This is Why I Don’t Believe Polls on Same-Sex Marriage By PETER WOLFGANG for The Stream
Disney’s recent movie Strange World and the summer’s Lightyear both bombed at the box office. The Wall Street Journal recently called this “an unusual record for a company long considered a guaranteed hitmaker in children’s entertainment.”
It was more than that. The Wall Street Journal won’t tell you one of the big reasons the two films bombed. It’s the same reason Bros — the movie whose poster showed two men grabbing each other’s buttocks — bombed. Few Americans go to the theatre to see same-sex relationships promoted.
And this is why I don’t believe the polls showing such a huge shift in support of same-sex marriage in the seven years since Obergefell. The practice has gained support from a solid majority of our political class, as the passage of the Respect for Marriage Act shows. But it doesn’t have so much support from everyone else.
What People Don’t Tell Pollsters
Don’t get me wrong. I don’t dispute that there has been some shift. And I don’t dispute that large numbers of people tell pollsters they are now cool with same-sex marriage. I just don’t think they are telling the truth.
Show me a poll that says a majority supports abortion at some point, at least in the first trimester, and I will believe you. Show me a poll that says there has been a huge sea-change in favor of same-sex marriage in the last seven years and I will not believe you.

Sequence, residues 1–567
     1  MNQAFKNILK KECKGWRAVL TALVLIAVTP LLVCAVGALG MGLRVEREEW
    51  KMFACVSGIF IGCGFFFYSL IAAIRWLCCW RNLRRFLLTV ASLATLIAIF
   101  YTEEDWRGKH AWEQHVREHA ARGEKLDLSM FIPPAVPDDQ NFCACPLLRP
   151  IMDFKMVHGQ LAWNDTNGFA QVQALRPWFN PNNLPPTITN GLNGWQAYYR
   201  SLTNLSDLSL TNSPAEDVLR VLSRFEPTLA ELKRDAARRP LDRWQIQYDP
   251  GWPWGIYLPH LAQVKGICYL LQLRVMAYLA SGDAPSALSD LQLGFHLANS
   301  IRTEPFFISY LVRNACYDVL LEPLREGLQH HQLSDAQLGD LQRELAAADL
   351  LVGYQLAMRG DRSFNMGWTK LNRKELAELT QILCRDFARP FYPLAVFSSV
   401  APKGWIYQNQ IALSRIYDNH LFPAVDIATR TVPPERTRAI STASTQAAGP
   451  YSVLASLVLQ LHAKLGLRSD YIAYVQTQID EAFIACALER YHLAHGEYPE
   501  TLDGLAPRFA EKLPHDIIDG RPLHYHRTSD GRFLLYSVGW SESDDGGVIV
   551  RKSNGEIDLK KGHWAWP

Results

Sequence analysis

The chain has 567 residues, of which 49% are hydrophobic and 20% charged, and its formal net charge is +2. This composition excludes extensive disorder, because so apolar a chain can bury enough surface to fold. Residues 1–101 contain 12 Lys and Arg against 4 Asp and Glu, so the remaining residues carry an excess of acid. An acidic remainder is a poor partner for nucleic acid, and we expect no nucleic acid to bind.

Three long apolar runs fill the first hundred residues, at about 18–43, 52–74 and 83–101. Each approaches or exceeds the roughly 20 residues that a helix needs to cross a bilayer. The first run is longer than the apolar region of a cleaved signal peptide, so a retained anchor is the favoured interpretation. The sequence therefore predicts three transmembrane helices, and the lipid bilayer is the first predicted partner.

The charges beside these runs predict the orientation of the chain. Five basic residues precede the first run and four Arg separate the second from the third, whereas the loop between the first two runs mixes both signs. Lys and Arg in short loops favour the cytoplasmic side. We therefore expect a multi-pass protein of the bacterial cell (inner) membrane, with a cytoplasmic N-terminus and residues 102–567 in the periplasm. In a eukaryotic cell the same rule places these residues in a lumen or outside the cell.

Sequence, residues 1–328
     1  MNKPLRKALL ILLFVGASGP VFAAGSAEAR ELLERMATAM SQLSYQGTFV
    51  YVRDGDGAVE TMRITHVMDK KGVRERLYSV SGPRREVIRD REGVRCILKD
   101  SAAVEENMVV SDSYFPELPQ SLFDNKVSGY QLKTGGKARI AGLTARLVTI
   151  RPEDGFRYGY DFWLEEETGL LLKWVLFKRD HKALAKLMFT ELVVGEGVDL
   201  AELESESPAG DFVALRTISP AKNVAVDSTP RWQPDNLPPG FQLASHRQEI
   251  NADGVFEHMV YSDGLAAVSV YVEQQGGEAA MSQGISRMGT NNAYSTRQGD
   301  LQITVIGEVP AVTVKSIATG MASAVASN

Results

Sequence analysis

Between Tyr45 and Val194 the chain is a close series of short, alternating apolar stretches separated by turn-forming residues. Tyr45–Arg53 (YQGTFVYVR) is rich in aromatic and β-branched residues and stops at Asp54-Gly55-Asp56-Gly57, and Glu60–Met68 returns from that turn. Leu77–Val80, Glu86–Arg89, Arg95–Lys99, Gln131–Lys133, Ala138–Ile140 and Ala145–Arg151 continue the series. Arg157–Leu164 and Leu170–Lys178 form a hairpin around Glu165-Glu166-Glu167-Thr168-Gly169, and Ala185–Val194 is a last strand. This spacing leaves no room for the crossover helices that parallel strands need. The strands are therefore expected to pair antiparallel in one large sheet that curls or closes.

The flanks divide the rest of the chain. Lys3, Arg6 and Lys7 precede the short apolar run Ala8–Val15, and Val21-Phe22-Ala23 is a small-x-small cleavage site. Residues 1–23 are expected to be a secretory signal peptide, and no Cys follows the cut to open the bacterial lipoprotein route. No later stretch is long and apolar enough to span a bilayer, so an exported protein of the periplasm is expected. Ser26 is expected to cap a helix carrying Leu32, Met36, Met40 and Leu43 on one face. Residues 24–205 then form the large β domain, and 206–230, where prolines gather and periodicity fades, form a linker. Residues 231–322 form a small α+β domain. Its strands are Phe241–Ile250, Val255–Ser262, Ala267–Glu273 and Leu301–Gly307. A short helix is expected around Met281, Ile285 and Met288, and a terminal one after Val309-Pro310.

There has been some change, of course. The law is a teacher. The more something is practiced, the more people get used to it. America is more accepting of same-sex marriage today than it was when such unions were forbidden.
But I still don’t believe the claims about the great change in American beliefs. Why?
Because same-sex marriage is unlike any other issue in our public life. There is no other issue — not even a controversial one, like abortion or gun control — where you will be punished for not supporting it. If you register any sort of dissent on same-sex marriage, it could cost you your job. If not your promotion or your next pay raise.